Albania supports democratic processes in Kosovo as well as on-going efforts by both the international community and NATO to build stability there. We believe that the Alliance's presence in the region remains indispensable. This is because stability in parts of the Balkans remains fragile and certain questions of vital importance for our security remain unanswered. We have been impressed by progress achieved to date in Kosovo and in particular the way that the Kosovar institutions that emerged from free and fair elections are increasingly taking responsibility for the province's government. We believe in and support the talks that have now started between Belgrade and Pristina on practical matters and recognise that the international community must seek to uphold minimal standards in Kosovo. Nevertheless, we believe that a decision on Kosovo's ultimate status should not be delayed, since any such delay risks benefiting extremists on both sides.
Meeting membership criteria
Albania is determined to work to meet all NATO membership criteria, in particular the reform of our Armed Forces. This involves the consolidation of civilian control over the military, increased state spending on defence and reform of the way in which we educate, train and drill our soldiers. We are grateful to the United States for its support for these reforms, as well as to other Alliance members, including Germany, Italy, Turkey and the United Kingdom, for fruitful bilateral cooperation and assistance. The reform package is being carried out in accordance with the 2001-2010 Reform Plan. This provides a new legal framework covering the best possible security for our country, our participation in peacekeeping operations, and our contribution towards peace and stability in Southeastern Europe and beyond in the fight against terrorism.
The Albanian Armed Forces are active in NATO's peacekeeping missions as well as those of the United Nations and the US-led International Coalition against Terrorism. Our soldiers are deployed in the Stabilisation Force in Bosnia and Herzegovina as well as in the International Security Assistance Force (ISAF) in Afghanistan. Albania joined the International Coalition against Terrorism as soon as it was formed and has supported it in every possible way, politically, diplomatically and financially, as well as militarily. Indeed, special units of the Albanian Army are currently deployed in Iraq.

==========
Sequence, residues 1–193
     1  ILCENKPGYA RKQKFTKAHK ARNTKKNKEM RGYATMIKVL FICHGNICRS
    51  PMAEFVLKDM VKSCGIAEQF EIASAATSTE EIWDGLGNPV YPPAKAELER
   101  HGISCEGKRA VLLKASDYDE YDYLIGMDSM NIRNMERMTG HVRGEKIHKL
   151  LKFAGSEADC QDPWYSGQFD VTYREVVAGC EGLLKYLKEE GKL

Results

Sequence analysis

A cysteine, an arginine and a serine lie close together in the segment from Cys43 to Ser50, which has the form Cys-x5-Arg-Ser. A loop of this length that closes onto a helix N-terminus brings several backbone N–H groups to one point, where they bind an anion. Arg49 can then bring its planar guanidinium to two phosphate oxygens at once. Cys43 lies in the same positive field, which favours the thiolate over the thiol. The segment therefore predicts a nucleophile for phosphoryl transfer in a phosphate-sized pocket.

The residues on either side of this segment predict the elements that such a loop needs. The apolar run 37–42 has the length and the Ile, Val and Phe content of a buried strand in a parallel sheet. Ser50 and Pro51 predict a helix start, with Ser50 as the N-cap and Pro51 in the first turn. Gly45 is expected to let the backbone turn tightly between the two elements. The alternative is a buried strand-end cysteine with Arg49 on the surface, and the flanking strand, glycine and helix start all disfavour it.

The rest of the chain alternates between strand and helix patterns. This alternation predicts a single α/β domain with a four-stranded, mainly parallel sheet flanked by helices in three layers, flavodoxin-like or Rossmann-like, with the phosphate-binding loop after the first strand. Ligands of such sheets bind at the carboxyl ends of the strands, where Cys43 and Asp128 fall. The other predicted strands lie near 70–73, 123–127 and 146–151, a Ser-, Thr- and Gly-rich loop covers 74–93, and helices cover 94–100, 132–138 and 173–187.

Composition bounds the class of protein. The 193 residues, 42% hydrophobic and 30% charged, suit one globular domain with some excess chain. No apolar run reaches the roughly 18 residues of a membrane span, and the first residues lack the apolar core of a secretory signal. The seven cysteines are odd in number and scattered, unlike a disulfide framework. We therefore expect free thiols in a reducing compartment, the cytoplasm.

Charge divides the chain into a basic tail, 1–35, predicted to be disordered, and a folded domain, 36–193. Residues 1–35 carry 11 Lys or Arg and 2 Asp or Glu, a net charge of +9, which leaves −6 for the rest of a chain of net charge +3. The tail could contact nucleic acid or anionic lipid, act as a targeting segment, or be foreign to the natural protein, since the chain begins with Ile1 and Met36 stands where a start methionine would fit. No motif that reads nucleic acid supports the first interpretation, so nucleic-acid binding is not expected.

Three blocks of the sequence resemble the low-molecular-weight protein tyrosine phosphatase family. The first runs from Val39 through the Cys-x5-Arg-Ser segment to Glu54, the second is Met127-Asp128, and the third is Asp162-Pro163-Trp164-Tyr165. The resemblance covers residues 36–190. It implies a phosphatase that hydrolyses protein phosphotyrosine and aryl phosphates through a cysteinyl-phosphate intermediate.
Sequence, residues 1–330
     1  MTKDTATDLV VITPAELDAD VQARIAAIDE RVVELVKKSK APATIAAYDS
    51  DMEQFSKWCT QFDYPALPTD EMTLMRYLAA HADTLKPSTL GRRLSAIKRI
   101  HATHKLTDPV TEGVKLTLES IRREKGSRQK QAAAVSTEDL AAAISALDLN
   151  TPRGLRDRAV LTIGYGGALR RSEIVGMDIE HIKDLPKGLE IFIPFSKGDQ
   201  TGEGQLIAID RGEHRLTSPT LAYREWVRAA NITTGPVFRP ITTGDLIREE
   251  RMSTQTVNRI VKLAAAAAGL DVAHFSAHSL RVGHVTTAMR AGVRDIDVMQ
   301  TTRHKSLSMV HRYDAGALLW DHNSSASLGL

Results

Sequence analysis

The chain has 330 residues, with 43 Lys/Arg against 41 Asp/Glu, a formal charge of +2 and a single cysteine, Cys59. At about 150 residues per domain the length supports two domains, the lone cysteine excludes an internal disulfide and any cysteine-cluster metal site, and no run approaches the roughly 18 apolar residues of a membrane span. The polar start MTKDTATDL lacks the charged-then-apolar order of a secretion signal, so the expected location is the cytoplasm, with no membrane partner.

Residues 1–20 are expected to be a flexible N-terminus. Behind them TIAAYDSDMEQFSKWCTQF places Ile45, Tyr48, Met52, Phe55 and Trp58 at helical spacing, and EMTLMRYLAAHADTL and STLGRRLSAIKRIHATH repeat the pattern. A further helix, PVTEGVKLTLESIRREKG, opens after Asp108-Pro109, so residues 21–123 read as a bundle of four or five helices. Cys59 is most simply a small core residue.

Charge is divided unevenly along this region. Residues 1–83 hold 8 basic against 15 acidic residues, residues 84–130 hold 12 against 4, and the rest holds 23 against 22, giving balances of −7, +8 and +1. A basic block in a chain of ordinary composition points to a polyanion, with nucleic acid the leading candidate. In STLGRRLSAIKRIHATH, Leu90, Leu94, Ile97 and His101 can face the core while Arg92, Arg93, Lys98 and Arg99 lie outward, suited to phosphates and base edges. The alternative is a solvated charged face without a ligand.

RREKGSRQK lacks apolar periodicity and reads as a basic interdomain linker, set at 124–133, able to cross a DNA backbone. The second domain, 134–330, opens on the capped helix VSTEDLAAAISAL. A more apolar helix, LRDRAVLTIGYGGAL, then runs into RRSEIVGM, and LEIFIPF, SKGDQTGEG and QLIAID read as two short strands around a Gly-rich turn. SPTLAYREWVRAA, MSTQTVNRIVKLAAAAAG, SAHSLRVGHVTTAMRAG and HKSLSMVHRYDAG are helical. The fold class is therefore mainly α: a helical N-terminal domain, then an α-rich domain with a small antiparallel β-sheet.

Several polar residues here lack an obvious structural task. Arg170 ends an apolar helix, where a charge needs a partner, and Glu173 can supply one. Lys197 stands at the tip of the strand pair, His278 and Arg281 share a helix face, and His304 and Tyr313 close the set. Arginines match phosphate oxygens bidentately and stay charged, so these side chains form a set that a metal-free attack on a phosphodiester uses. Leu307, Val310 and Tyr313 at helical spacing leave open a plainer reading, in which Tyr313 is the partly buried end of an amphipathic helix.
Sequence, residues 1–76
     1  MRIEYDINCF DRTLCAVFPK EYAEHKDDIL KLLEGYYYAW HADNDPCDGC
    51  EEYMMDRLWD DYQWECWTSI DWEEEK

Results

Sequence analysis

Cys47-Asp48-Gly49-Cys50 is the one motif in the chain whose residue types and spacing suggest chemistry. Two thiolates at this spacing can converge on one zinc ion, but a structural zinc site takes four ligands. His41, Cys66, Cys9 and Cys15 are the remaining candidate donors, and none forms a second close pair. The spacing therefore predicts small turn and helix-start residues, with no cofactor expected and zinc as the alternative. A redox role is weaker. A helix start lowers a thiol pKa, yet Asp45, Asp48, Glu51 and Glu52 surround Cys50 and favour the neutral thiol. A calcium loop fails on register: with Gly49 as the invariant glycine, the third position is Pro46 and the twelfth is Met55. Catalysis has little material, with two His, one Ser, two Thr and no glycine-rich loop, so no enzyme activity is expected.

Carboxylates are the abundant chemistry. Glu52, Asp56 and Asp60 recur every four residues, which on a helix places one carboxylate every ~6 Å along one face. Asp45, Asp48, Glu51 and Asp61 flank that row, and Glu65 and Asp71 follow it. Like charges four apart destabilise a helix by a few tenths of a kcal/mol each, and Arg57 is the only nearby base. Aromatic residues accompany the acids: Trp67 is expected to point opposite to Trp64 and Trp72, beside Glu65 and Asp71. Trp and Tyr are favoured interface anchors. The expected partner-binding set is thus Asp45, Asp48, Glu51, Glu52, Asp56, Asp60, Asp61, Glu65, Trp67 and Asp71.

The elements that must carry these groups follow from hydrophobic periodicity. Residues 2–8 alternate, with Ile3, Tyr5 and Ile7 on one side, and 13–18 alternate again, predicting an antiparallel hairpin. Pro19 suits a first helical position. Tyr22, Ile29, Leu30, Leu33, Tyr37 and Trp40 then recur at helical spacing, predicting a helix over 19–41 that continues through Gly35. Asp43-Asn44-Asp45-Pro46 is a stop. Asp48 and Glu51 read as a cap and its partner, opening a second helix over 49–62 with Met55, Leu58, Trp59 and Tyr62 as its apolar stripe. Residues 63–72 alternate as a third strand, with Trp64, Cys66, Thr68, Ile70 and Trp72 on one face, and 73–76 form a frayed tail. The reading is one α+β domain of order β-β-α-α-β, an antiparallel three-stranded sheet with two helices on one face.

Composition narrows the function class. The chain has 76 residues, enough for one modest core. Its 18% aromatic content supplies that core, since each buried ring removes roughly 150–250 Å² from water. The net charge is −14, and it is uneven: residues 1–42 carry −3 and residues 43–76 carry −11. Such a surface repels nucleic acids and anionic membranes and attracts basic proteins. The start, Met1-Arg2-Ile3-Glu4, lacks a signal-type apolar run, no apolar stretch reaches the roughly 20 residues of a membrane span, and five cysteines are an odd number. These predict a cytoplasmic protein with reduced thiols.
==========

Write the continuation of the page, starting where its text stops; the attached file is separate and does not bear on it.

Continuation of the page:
The Prague Summit was a watershed for NATO and a diplomatic triumph for the seven countries that were invited to join the Alliance on that occasion. NATO grew stronger; Europe's zone of security was substantially extended; and, critically from the Albanian perspective, the Summit both reaffirmed NATO's open-door policy and recognised our achievements and those of the two other countries aspiring to membership towards meeting Alliance entry criteria and in the field of military reform, as well as the vigorous support that Albania has given to NATO.
We are aware that Albania's historical political and economic under-development, internal instability and wider conflict in Southeastern Europe undermined our membership aspirations at the Prague Summit. We, nevertheless, remain committed to the accession process and meeting NATO's political, economic and military membership criteria is a key national objective.
We believe that Albania merits eventual NATO membership both because Albanians have a powerful emotional commitment to the Alliance and because our country has already been behaving as a de facto Alliance member for many years. The NATO-led missions in Bosnia and Herzegovina, Kosovo and the Former Yugoslav Republic of Macedonia* and our own participation in SFOR and ISAF have helped strengthen the feelings of sympathy and support towards NATO, the United States and Euro-Atlantic values, among the wider population. Moreover, the reforms that we are undertaking to strengthen the rule of law and democracy, as well as our contribution to the fight against organised crime and international terrorism will make us a reliable and capable Ally.
Every citizen, politician and president has some idea, some project or goal in his or her life that he or she is willing to fight for above all other. My dream is to witness my country's integration into NATO. It is a dream that I share with the vast majority of my fellow citizens and it is the unanimous goal of tomorrow's generation that is growing up today. Through our combined efforts, I hope and believe that this dream will one day soon become reality.
* Turkey recognises the Republic of Macedonia with its constitutional name.